Differences in female foot shape may also act as a compounding factor.

In addition, women tend to have straighter legs than men, and that difference in leg shape is another possible culprit. But the problem hasn't been studied enough for a definitive, one-size-fits-all answer. 

Not all of the factors are strictly physiological. As the popularity of the women's game increases, the workload of individual players has also increased — athletes playing more games at a higher level against better competition, resulting in more fatigue. This translates into more opportunities for injury to occur, resulting in more ACL injuries.

Vivianne Miedema, a star player for the Netherlands who suffered an ACL injury in December that forced her to miss this year's World Cup, told the New York Times that nearly 60 players in Europe's five major leagues had torn their ACLs — and she wants change.

"It is ridiculous," she said. "Something needs to be done."

But what does change look like?

What Can Be Done to Prevent ACL Injuries in Women's Soccer?

Daniela Arias of Colombia goes down with an injury.

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One way to fight the women's ACL epidemic involves allocating more money for more studies, improved training and better facilities to protect female athletes. Since its inception, sports medicine has been male-focused, leaving the nuances affecting women's knee health largely overlooked. 

More money for women's teams would also result in better fields, better nutrition and better trainers for the players. Field condition is a crucial but silent factor in injuries — why else do you think the MLS is making sure that their new starboy, Messi, only plays on natural grass? Because they know that an injured Messi is bad for business, just as how injured female stars are bad for the women's game.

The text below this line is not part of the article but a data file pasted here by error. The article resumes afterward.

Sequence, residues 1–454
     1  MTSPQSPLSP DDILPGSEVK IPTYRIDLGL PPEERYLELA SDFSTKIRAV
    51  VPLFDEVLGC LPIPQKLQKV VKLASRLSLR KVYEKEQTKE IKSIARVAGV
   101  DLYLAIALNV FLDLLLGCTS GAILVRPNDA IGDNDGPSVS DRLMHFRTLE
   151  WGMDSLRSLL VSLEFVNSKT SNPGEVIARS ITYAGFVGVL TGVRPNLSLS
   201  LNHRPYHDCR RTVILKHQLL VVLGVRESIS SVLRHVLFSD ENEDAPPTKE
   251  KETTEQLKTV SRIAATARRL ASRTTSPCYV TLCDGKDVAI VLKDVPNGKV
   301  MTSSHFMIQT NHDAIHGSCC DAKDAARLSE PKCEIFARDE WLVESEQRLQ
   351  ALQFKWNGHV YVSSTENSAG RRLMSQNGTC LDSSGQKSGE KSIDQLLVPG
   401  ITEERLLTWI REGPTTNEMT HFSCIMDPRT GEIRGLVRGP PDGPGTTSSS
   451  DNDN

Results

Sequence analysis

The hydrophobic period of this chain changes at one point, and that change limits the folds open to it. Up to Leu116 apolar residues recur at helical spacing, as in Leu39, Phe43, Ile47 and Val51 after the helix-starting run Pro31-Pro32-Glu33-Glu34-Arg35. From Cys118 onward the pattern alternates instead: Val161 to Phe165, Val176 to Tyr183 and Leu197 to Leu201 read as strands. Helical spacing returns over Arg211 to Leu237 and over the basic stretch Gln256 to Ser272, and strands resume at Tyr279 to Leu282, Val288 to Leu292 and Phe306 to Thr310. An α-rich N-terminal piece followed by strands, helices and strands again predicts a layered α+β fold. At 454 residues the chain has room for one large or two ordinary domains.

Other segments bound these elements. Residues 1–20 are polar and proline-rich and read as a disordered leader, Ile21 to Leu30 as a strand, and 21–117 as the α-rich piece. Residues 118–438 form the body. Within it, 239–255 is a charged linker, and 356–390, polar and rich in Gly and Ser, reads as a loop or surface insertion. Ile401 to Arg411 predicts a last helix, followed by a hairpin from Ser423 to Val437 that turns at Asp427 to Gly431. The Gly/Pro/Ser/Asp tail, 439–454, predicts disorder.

But it goes beyond the pitch. Training is key to preventing injury. Many young male stars are identified before they are even teenagers and given access to top trainers, techniques and facilities at a young age. That results in a stronger — and less injury-susceptible — body when they go pro. Being introduced to those physical stresses at a younger age gives the body more time to develop defenses such as stronger tissue, ligaments and joints. If more female talent was identified and protected at a younger age, then more injuries likely could be prevented. 

Another approach involves designing cleats specifically to fit the female foot. Football boots are generally designed for men's feet but not for women's, and slight anatomical differences can play a role in how safe the boot is for use.

With the women's game exploding in popularity, there is, of course, an increase in revenue from the women's game. Therefore, it only makes sense to protect this revenue and the players who are generating it by finding ways to improve women's training to lessen the likelihood of injury. 

The problem is yet to be fully understood, but what's easy to understand is this: If all of the top soccer players keep suffering the same injury, something must be done about it.